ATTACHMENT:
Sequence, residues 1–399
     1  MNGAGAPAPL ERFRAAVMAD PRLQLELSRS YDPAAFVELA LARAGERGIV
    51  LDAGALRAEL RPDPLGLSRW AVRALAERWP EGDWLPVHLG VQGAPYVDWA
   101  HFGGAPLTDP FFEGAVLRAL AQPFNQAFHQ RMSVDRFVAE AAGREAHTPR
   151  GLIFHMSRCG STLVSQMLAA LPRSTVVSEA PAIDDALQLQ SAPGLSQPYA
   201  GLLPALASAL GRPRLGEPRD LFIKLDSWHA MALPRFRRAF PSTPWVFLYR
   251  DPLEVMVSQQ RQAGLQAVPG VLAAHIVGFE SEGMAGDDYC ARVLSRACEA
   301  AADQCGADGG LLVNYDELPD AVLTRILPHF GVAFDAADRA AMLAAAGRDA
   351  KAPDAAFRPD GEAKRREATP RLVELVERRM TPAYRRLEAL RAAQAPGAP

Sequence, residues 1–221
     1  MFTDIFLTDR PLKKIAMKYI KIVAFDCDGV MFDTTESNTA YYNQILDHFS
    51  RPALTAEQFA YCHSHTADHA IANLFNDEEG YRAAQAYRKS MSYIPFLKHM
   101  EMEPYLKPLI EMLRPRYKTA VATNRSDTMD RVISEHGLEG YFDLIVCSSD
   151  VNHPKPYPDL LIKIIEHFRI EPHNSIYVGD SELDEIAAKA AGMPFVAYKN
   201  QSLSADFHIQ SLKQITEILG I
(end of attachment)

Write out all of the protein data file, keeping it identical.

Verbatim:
Sequence, residues 1–399
     1  MNGAGAPAPL ERFRAAVMAD PRLQLELSRS YDPAAFVELA LARAGERGIV
    51  LDAGALRAEL RPDPLGLSRW AVRALAERWP EGDWLPVHLG VQGAPYVDWA
   101  HFGGAPLTDP FFEGAVLRAL AQPFNQAFHQ RMSVDRFVAE AAGREAHTPR
   151  GLIFHMSRCG STLVSQMLAA LPRSTVVSEA PAIDDALQLQ SAPGLSQPYA
   201  GLLPALASAL GRPRLGEPRD LFIKLDSWHA MALPRFRRAF PSTPWVFLYR
   251  DPLEVMVSQQ RQAGLQAVPG VLAAHIVGFE SEGMAGDDYC ARVLSRACEA
   301  AADQCGADGG LLVNYDELPD AVLTRILPHF GVAFDAADRA AMLAAAGRDA
   351  KAPDAAFRPD GEAKRREATP RLVELVERRM TPAYRRLEAL RAAQAPGAP

Sequence, residues 1–221
     1  MFTDIFLTDR PLKKIAMKYI KIVAFDCDGV MFDTTESNTA YYNQILDHFS
    51  RPALTAEQFA YCHSHTADHA IANLFNDEEG YRAAQAYRKS MSYIPFLKHM
   101  EMEPYLKPLI EMLRPRYKTA VATNRSDTMD RVISEHGLEG YFDLIVCSSD
   151  VNHPKPYPDL LIKIIEHFRI EPHNSIYVGD SELDEIAAKA AGMPFVAYKN
   201  QSLSADFHIQ SLKQITEILG I